Is it possible to have a roo

Discussion in 'Chicken Behaviors and Egglaying' started by okiemamachick, Jan 19, 2015.

  1. okiemamachick

    okiemamachick Chirping

    Jan 11, 2015
    That doesn't flog? I've had the worst luck in this department I'd like to keep a roo and hopefully have a hen go broody one day but dang! My poor 4 year old was terrified of chickens because we had two roosters (they were supposed to be girls) and they both flogged her at different occasions. Any thoughts?
  2. cavemanrich

    cavemanrich Free Ranging

    Apr 6, 2014
    Melrose Park Illinois
    Get small bantam variety. There are more docile types. I just am not an expert on roos, and don't want any. But I'm sure there are people that can steer you right.
  3. okiemamachick

    okiemamachick Chirping

    Jan 11, 2015
    Thank you for your input! I need to Google docile rooster breeds
  4. aart

    aart Chicken Juggler!

    Nov 27, 2012
    SW Michigan
    My Coop
    Docility in roosters is not attributable to breed alone, if at all.
    Bantams can be just as aggressive as large fowl, just doesn't hurt as

    When a small child is involved, best not to have roosters at all.

    Broodiness has nothing to do with a rooster being present or not, they will either go broody or not.
    You can always get fertile eggs from someone else if you do have a hen go broody and want her to hatch out some chicks.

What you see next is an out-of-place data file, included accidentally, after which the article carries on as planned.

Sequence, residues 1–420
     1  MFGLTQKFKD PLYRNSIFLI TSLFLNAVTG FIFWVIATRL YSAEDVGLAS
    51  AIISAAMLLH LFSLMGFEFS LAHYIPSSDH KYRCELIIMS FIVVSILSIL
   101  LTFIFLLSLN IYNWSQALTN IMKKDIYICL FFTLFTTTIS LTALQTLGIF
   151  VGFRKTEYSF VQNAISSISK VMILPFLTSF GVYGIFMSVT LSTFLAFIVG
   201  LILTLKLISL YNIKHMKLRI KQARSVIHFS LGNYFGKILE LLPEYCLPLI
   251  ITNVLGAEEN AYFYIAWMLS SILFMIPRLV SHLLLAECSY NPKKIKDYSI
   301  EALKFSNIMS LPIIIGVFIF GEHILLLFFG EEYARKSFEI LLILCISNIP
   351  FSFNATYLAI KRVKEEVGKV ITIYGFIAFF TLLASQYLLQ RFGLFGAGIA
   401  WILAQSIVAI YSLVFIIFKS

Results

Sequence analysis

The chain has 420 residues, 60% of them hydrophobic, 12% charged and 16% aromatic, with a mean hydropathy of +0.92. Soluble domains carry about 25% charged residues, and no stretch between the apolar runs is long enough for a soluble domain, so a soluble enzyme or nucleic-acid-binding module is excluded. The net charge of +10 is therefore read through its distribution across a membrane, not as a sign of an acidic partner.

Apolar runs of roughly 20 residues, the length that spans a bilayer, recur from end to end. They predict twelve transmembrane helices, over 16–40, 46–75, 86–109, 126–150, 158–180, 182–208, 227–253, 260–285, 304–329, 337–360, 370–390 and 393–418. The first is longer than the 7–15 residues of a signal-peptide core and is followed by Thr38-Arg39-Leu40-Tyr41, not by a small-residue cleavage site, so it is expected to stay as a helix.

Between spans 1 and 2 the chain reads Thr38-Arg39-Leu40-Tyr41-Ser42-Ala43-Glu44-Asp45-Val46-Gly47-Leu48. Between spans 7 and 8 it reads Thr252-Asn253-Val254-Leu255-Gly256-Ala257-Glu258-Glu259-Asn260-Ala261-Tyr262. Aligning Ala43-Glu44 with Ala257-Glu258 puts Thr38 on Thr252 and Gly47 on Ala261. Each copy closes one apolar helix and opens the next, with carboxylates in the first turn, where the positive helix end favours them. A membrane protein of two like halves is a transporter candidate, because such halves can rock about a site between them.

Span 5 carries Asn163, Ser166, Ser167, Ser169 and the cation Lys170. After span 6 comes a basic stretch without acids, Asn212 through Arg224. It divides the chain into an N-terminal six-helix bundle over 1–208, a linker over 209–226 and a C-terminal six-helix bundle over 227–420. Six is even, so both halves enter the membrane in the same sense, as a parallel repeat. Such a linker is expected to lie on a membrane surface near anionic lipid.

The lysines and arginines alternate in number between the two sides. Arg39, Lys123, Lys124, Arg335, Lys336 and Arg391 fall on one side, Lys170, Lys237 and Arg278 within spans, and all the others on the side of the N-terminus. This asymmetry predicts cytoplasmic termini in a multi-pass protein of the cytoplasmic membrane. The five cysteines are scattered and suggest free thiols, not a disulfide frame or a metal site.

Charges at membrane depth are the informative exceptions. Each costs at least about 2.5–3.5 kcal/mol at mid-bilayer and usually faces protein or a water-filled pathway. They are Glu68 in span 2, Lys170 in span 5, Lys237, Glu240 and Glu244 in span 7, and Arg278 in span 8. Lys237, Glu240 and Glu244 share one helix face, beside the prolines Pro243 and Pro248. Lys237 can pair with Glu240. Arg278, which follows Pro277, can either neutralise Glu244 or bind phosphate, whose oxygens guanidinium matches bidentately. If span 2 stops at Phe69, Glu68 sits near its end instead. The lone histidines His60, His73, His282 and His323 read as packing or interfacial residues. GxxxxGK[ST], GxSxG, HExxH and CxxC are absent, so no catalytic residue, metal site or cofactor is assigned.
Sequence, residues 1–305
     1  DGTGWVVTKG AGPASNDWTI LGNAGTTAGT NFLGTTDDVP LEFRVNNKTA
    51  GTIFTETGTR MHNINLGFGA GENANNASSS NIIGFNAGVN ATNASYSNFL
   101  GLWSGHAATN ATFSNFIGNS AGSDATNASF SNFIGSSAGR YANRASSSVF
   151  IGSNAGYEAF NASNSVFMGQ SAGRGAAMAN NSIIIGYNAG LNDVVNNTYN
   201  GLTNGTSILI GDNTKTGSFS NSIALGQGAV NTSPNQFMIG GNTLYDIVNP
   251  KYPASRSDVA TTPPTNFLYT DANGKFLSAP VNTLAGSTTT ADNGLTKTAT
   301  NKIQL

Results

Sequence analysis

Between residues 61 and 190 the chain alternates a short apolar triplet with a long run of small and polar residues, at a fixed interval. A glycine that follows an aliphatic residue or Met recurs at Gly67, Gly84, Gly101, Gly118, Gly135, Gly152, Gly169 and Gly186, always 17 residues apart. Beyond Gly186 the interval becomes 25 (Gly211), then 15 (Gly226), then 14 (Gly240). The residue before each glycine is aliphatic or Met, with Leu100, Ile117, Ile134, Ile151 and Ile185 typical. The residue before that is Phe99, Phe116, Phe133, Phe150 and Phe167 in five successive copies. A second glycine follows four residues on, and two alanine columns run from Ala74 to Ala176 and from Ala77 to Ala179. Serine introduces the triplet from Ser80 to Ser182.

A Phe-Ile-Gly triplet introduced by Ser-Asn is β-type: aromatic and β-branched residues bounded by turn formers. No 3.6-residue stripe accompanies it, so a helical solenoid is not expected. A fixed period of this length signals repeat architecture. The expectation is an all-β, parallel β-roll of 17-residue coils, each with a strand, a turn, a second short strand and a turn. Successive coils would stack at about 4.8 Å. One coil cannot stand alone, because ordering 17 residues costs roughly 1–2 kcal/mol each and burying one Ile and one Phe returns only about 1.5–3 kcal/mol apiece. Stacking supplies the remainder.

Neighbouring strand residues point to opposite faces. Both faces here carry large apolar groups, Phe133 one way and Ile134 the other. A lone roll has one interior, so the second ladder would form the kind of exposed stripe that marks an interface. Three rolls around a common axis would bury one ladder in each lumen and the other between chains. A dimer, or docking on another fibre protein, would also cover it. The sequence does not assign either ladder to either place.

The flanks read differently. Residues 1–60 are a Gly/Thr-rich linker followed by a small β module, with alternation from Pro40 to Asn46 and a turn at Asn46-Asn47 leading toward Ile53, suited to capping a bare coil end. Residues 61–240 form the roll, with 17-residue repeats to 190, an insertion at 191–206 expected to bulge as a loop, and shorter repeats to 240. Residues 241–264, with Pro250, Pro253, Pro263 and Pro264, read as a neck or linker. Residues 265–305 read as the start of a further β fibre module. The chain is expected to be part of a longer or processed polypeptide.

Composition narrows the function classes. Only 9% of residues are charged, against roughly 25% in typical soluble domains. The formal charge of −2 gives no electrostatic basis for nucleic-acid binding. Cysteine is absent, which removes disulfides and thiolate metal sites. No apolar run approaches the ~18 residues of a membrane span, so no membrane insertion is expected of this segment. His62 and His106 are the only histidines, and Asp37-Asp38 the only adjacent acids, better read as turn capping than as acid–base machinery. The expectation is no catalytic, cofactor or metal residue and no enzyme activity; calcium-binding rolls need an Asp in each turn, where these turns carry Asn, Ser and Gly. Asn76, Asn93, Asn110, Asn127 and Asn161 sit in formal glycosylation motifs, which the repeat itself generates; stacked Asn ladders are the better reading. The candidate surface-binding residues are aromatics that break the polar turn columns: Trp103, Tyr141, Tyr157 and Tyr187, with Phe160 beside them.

If you really think you need to have rooster, read up on chicken and rooster behavior as that's the key to managing aggressiveness.

    @Ridgerunner has a great write up on rooster behavior, maybe they will chime in?
  5. okiemamachick

    okiemamachick Chirping

    Jan 11, 2015
    yes I realize that the rooster isn't what makes the hen go broody I just meant that I would like to have a Flock that naturally replenishes itself.thanks for the info I appreciate all the help I can get lol
  6. Anira

    Anira Songster

    Apr 5, 2013
    Fossil, OR
    I've had more bantam cockerels flog than standards (though that's still only 2-0). Red Cochin bantam and some sort of blue OEGB decided to start attacking my legs a while back. Had them butchered, even though I wanted to keep them.

    I have several other cockerels that don't even act like they want to try (including the Cochin's son). I can't say they'll leave other people alone if they go into the pen, though.
  7. gootziecat

    gootziecat Songster

    Nov 27, 2007
    Hampshire Co, WV
    I've had mean bantam Silkie and Faverolle cockerels, both noted to have great temperament as a breed. Bantams seem to be cockier than large fowl in general. They are just small and easier to deal with. The only rooster I have had that I would turn my back on without hesitation has been a LF Orpington. I am sure there are other breeds, but it is an individual thing as well as breed thingl.
  8. donrae

    donrae Hopelessly Addicted

    Jun 18, 2010
    Southern Oregon
    Whenever a person has had multiple mean roosters, I always think it's a behavior on the human's part. Look up centarchid's thread on dealing with aggressive roosters, he deals with both the bird's and the human's behavior. Not to offend at all, just trying to point out people often inadvertently encourage aggression by not being confident.

    Okay, tried to copy and paste link to the thread but the tablet and I aren't in agreement how to do that, sorry.

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